Blair Fix, a grad student who has been working with Professor Nitzan, focused his research on hierarchy-building. In a presentation he gives, he points out the implication of the laws of thermodynamics to organizational structures: Any structure will collapse unless it is continuously maintained using energy. This implies that energy consumption is usable as a proxy for the size of an organization. He connects the creation and growth of corporations to a process of active construction of hierarchical command structures. Because of the limitations of time and cognition, a large organization must necessarily limit the number of interactions required to operate within the organization. A highly-hierarchical organization allows for individuals to only need to interact with 2-5 others within the organization, to have only a few levels of decision-making, and yet still scale the organization into the thousands, millions, or billions. He concludes that hierarchy-building facilitates technological progress as a means to overcome the barrier of energy needed to maintain the structure.

The CasP framework provides a much-needed contemporary, empirical perspective on capital. It disenchants economics, taking it off of its pedestal of apolitical, abstruse, academic authoritarianism, and revealing how little it actually explains about the world compared to a political examination. It is still a small field of study, but one that can inform our political ideas universally. The role of market models made up of man-machines has always been for motivated reasoning. Its separation from politics perpetuates the illusion that a ruling class doesn't exist, that what we believe is a "ruling class" is simply the effects of bumbling bureaucrats trying foolishly to politicize the perfect production process. The neoclassical theory is more akin to theology than physics, ignoring the most important parts of that which it purports to study.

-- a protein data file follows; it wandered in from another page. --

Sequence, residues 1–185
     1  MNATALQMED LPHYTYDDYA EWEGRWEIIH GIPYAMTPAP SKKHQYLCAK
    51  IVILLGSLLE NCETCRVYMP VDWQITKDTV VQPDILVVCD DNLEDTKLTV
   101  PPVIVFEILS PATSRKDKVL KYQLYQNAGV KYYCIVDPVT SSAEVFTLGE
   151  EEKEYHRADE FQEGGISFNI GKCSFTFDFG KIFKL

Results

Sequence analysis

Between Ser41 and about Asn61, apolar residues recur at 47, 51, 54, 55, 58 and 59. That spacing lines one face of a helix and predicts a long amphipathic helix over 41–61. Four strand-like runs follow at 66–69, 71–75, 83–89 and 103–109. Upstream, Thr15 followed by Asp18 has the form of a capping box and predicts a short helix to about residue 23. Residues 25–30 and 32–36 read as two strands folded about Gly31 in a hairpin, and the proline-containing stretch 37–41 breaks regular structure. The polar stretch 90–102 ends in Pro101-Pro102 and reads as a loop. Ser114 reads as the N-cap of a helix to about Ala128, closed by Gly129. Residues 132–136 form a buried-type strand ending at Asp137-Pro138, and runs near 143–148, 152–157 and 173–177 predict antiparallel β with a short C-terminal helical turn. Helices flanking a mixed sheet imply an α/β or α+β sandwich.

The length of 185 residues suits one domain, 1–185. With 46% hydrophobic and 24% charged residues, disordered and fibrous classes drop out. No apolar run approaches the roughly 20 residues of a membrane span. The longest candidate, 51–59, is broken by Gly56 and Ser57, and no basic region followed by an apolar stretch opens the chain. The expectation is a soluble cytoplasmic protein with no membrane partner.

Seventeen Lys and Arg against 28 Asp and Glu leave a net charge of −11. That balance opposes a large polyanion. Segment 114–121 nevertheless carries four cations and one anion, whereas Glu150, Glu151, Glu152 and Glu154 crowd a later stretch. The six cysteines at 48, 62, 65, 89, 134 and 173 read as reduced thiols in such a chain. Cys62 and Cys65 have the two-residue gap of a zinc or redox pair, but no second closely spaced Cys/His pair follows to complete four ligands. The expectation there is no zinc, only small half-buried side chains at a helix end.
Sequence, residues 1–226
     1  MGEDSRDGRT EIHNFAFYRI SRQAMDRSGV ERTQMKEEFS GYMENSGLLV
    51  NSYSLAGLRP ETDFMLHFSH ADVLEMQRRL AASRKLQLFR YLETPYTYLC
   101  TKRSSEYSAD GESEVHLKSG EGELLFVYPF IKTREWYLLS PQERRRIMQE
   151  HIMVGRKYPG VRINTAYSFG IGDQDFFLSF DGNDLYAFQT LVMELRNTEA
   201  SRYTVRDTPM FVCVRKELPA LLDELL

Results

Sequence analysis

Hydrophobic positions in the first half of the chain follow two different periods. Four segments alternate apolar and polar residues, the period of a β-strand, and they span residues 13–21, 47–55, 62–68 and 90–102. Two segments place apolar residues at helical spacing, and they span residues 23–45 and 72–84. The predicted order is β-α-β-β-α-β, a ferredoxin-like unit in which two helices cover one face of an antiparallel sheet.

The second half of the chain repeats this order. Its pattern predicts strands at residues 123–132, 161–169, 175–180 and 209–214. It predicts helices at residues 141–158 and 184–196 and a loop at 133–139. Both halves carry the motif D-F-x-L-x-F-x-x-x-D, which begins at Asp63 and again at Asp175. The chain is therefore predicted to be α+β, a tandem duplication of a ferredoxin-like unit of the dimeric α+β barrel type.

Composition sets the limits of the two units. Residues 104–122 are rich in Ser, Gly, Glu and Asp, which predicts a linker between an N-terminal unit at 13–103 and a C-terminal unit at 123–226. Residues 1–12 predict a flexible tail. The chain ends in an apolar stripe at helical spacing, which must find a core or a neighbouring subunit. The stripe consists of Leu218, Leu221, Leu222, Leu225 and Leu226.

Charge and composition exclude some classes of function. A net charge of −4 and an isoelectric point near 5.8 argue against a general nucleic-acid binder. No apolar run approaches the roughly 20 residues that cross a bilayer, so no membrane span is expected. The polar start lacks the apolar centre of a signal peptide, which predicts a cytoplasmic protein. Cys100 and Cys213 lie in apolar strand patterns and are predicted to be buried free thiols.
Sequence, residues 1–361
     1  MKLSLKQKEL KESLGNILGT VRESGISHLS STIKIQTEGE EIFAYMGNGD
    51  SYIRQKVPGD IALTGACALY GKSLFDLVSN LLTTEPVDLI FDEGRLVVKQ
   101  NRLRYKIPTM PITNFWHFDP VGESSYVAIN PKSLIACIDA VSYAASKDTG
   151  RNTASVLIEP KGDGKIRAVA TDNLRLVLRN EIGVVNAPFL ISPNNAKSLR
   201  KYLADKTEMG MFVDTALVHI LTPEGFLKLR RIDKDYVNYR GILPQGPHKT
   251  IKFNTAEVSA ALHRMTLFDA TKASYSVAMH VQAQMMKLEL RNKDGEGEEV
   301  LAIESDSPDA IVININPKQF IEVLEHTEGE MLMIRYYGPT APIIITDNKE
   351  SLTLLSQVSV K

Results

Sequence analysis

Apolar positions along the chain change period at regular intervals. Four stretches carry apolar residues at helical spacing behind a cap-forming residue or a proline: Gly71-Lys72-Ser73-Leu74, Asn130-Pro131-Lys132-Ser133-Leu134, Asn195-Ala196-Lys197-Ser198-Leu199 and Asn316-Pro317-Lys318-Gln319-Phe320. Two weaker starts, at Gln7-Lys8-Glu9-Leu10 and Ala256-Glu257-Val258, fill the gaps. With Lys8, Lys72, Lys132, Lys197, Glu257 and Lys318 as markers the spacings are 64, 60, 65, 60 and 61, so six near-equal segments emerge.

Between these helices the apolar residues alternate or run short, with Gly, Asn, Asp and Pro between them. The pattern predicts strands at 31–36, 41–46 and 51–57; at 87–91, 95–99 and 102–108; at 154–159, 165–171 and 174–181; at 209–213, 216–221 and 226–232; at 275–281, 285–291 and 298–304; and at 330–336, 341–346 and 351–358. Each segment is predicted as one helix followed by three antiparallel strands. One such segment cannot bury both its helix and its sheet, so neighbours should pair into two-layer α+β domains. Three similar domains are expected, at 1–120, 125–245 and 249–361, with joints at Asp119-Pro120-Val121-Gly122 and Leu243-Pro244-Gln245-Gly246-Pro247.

Did anarchism influence the Dadaists?

Little-Blood

In this essay I shall assess the claim that anarchism influenced the Dada movement and see how appropriate it would be to refer to it as an 'anarchist' movement. I shall begin with a loose definition of the ideology that we can then apply to the art movement.

Contemporary anarchist intellectual, Noam Chomsky provides a coherent definition of anarchism, without being too restrictive, in an attempt to do justice to the nature of the ideology. He typifies Anarchism as 'skepticism towards authority':

Anarchism is… a kind of tendency in human thought which shows up in different forms in different circumstances, and has some leading characteristics. Primarily it is a tendency that is suspicious and skeptical of domination, authority, and hierarchy (Wilson, Chomsky, and Success, 2013).

This provides us with a loose umbrella definition from which we can then cover the diverse and disparate developments of anarchism underneath. These different 'trends' vary radically — from the ego-driven individualist anarchism of Max Stirner (Stirner, 2007), to the collective mutual aid of Kropotkin's anarcho-communism (Kropotkin, 2002) and beyond. This also perfectly illustrates how anarchism stands outside of the conventional left — right political dichotomy, which has come to shape our understanding of politics in the modern age. I would assert that it is much more apolitical. As Chomsky continues:

[Anarchism] assumes that the burden of proof for anyone in a position of power and authority lies on them. Their authority is not self-justifying. They have to give a reason for it, a justification. And if they can't justify that authority and power and control, which is the usual case, then the authority ought to be dismantled and replaced by something more free and just. (Wilson, Chomsky, and Success, 2013)